TAMU-CC History Professor Receives Prestigious Summer Stipend to Research Newest Book

Published: April 11, 2016

TAMU-CC History Professor Receives Prestigious Summer Stipend to Research Newest Book

CORPUS CHRISTI, Texas – Dr. Sandrine Sanos, Associate Professor of Modern European History at Texas A&M University-Corpus Christi, has been selected to receive a National Endowment for the Humanities (NEH) Summer Stipend.  

The stipend, valued at $6,000, will support Sanos for two months this summer, as she spends time in the archives in Normandy and Paris researching her next book, “The Horror of History: Violence, Exile, and Gender in Cold War France, 1954-1967.”

“I am honored to receive this support for my new book project amidst all the excellent proposals that are submitted every year,” said Sanos.

NEH, an independent federal agency created in 1965, funds cultural institutions like museums, archives, universities and individual scholars. NEH awards are highly selective and prestigious in the humanities. In the last five competitions, the Summer Stipends Program received an average of 930 applications per year. The program averages 81 awards per year, for a funding ratio of 9 percent.

Sanos’ current book builds upon her interests of how the aftermath of violence shapes cultures and societies. She believes it will interest those in political science and theory, sociology, history, literature, cultural and media studies.

“My project, about Cold War France, explores how new ways of thinking about political community emerged in France in those years from a number of anti-colonial and exiled writers, intellectuals and artists,” said Sanos. “They were haunted by the memory of World War II and argued against the use of violence, torture and internment camps.”

Sanos plans to use her research to craft undergraduate and graduate courses on comparative genocides, gender and politics, as well as representations of exile. She anticipates her book project to span four years.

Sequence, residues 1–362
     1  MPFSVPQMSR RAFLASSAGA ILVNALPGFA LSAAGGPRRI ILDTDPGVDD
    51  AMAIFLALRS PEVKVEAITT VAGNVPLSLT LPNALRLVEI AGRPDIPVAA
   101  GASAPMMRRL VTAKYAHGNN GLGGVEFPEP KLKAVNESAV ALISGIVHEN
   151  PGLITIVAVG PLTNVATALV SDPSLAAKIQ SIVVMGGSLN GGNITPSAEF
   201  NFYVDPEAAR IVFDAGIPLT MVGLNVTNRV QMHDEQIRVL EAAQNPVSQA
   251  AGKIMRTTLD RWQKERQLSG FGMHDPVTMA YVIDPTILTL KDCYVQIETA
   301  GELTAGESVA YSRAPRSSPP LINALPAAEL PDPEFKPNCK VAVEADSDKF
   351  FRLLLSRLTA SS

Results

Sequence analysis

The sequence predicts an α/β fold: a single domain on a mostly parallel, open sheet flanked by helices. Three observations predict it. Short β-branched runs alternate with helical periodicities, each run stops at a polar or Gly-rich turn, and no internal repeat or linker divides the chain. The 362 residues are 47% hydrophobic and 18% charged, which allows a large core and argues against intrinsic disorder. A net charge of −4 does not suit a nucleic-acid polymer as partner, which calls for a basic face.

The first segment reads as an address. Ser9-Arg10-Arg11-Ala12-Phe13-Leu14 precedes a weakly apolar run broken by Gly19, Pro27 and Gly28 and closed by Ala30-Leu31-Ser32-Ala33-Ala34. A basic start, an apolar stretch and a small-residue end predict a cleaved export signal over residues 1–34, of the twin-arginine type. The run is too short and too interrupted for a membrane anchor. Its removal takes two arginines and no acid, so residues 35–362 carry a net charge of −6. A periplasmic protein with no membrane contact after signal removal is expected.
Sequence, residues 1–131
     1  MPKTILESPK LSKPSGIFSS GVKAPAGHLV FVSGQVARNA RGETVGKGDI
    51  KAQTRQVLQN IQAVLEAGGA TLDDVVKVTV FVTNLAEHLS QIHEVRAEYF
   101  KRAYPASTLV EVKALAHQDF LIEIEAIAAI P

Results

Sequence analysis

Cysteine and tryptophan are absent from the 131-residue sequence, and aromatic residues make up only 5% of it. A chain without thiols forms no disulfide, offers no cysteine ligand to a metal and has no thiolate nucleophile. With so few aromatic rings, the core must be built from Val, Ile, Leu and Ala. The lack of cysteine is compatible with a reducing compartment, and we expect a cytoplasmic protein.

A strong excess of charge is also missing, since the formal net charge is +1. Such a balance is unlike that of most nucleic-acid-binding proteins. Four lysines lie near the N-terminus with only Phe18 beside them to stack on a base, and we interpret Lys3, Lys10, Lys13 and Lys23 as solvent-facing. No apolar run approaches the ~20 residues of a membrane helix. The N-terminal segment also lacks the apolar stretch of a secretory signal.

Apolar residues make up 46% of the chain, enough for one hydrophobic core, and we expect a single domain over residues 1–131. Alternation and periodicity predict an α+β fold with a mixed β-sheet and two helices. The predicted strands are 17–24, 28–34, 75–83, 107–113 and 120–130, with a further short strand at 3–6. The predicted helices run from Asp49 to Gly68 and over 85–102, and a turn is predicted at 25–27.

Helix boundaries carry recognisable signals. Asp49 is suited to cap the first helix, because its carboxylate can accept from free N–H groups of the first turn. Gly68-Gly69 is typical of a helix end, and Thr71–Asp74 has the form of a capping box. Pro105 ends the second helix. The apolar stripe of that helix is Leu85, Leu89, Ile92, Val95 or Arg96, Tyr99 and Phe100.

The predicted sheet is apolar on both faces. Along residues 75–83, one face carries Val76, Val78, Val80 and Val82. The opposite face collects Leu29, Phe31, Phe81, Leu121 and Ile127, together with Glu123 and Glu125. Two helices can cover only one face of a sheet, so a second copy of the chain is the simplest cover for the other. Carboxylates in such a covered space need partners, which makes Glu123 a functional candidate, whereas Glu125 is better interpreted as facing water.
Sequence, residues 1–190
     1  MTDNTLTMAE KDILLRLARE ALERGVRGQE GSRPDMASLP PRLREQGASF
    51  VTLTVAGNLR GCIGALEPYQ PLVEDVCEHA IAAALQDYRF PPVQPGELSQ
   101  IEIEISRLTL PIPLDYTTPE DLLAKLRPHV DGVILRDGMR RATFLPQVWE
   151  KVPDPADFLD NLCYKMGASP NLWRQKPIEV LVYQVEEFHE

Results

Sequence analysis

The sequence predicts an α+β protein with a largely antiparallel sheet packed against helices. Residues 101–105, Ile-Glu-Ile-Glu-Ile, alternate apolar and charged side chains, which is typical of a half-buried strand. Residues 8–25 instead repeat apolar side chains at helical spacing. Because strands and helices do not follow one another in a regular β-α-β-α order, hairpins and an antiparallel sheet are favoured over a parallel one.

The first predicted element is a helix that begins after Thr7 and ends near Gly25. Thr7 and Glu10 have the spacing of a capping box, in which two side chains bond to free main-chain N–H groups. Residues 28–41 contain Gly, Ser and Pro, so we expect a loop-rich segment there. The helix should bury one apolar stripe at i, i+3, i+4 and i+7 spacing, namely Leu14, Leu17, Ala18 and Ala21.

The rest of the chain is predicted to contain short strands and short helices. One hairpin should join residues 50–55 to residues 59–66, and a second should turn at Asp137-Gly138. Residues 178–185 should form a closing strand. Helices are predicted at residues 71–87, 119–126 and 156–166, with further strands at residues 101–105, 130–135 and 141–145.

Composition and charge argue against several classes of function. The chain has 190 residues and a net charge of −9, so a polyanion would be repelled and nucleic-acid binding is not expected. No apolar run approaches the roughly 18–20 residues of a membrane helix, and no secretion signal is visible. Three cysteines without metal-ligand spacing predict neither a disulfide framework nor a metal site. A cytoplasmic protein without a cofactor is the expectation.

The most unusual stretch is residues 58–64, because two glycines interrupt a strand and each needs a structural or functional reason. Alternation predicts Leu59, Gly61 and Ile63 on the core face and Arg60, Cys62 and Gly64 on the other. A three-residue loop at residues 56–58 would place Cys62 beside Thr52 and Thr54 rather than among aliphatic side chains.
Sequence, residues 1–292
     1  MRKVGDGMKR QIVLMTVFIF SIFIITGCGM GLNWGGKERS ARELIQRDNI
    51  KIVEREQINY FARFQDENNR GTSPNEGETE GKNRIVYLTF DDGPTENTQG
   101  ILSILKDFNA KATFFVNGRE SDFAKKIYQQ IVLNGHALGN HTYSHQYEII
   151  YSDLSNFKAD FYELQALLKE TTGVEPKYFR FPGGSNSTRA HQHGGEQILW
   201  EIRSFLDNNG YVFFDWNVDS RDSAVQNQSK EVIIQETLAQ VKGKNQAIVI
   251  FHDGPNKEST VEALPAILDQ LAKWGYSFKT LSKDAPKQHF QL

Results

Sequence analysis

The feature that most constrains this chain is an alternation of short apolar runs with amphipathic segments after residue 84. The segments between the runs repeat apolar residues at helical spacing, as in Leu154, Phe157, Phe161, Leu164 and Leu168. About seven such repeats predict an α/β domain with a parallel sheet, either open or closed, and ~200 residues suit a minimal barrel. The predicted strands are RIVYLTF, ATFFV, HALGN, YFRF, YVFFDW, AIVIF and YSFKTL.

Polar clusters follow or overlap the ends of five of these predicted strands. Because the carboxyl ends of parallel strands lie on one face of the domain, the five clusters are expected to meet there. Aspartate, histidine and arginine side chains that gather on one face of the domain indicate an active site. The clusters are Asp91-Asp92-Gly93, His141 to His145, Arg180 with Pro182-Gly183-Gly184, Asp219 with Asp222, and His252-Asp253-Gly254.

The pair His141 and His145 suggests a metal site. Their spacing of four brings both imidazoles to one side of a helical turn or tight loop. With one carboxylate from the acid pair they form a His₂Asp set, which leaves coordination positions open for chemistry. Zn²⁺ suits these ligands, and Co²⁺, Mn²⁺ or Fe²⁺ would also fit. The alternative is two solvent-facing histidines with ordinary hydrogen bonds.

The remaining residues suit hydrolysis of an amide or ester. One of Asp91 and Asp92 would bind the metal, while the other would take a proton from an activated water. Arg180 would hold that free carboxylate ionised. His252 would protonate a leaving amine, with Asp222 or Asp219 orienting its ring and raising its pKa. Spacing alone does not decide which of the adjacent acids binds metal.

“I began some of the research for this book during a teaching leave in spring 2014, thanks to the Joe B. Frantz Professorship,” she explained. “This summer stipend will allow me to do more crucial research on specific writers and media.”

Sanos thanks Dr. Kelly Quintanilla, Provost; her colleague in history, Dr. Laura K. Muñoz; and the University’s Office of Research, Commercialization and Outreach for their support.

A native of France, Sanos was educated in France, the United Kingdom, and the United States, earning a Bachelor of Arts at Oxford University, a Master of Arts at London University and her Ph.D. at Rutgers University. She began teaching at the Island University in 2008, and currently teaches classes in Modern European History, the History of Gender and Sexuality, and the History of Ideas.

In addition to this new book project, Sanos is the author of two other books. “The Aesthetics of Hate,” published in 2012, examines how gender, race, and sexuality structured the thinking of French far-right and fascist intellectuals about identity and citizenship in the 1930s. Her second, “Simone de Beauvoir, Creating a Feminist Existence,” published in 2016, is a biography of the French feminist novelist and philosopher.